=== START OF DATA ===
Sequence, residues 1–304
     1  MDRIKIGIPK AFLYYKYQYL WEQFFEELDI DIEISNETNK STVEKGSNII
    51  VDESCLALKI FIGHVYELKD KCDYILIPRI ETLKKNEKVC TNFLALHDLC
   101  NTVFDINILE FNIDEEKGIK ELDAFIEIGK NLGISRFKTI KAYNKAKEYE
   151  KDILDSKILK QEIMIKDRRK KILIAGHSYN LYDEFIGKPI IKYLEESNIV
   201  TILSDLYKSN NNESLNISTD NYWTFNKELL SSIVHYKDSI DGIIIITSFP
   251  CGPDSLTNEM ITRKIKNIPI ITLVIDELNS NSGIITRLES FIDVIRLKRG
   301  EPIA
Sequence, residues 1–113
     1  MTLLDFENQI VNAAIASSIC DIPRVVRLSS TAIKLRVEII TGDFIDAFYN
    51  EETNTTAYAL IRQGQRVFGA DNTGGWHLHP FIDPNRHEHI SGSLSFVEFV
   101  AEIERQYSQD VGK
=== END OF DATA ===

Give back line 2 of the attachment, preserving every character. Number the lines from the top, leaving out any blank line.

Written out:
     1  MDRIKIGIPK AFLYYKYQYL WEQFFEELDI DIEISNETNK STVEKGSNII